Ibsen’s Characters are Victims of Society’s Expectations
The playwright Henrik Ibsen once stated, “Do you know what we are those of us who count as pillars of society? We are society's tools, neither more nor less.” Ibsen was a great anti-idealistic writer of the mid to late nineteenth century. His plays were of a new breed, swaying away from the wholesomeness of the Victorian era, and instead attacking personal issues that he, and all those in his native Norway could relate to. This new writing style helped coin Ibsen as the father of modern drama. These modern dramas were very real, and the characters Ibsen created were in fact tools of society. Ibsen uses Halvard and Aline Solness of The Master Builder and Regine Engstrand and Mrs. Helene Alving of Ghosts to show how society’s power to conform negatively influences others. Ibsen’s characters in The Master Builder and Ghosts are victims of an idealistic society’s unrealistic expectations.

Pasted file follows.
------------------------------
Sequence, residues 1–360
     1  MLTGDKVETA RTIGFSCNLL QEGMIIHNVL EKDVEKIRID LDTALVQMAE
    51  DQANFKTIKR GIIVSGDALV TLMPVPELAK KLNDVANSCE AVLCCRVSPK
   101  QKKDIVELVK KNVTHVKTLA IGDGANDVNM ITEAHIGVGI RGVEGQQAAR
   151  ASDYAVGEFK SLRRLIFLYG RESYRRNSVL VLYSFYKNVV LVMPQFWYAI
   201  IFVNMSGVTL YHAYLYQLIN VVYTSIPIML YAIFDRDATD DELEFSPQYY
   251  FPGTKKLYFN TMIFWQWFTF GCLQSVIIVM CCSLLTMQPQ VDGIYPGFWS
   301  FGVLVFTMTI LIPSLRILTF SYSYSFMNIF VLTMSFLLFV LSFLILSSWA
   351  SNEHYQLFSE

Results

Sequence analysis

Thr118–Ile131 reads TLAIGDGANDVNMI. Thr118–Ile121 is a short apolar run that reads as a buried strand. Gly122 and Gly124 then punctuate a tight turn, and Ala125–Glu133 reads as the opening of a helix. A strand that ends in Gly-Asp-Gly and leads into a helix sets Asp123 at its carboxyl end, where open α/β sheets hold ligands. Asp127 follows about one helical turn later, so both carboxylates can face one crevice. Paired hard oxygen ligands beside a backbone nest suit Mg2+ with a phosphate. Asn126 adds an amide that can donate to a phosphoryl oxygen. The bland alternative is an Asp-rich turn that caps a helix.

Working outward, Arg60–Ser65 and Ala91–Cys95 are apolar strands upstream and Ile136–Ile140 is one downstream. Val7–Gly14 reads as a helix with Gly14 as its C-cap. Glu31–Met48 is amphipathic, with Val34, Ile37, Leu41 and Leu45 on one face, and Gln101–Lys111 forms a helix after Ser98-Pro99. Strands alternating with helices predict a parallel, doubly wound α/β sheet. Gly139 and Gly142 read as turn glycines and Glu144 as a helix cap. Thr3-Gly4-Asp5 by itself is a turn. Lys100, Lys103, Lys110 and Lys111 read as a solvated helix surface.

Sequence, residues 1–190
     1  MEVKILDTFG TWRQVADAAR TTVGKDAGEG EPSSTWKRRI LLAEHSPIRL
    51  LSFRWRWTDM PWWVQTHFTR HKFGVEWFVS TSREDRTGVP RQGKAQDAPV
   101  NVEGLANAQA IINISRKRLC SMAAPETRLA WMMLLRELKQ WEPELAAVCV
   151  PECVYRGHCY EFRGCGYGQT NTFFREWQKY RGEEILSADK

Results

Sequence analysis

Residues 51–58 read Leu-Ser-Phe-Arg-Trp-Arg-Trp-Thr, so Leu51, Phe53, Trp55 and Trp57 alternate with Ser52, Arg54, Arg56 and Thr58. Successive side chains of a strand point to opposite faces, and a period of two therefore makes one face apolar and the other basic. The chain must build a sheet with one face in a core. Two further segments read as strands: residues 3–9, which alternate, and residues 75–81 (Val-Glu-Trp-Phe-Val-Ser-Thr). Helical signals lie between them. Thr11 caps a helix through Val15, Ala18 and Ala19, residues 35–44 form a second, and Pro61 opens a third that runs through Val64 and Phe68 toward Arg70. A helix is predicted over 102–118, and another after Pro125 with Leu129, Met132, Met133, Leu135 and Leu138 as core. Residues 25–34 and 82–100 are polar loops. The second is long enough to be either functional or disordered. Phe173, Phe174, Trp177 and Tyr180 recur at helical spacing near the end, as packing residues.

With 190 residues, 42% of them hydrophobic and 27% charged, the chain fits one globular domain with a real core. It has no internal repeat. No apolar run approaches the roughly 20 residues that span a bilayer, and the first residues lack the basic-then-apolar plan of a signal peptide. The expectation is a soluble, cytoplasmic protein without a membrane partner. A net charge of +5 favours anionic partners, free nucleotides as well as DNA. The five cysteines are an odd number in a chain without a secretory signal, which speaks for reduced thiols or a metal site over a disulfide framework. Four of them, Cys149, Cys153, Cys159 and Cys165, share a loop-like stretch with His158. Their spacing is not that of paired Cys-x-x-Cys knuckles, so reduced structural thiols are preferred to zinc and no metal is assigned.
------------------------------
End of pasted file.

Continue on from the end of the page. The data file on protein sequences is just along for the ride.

Aline Solness of The Master Builder is a character who well represents the dangers of trying to meet the expectations of an idealistic society. Aline is married to Halvard Solness, an architect also known as the Master Builder. Throughout the course of their relationship, she struggles to live for herself, instead she tries to fit the mold...
Join Now to View Premium Content
GradeSaver provides access to 1039 study guide PDFs and quizzes, 8016 literature essays, 2248 sample college application essays, 348 lesson plans, and ad-free surfing in this premium content, “Members Only” section of the site! Membership includes a 10% discount on all editing orders.
Already a member? Log in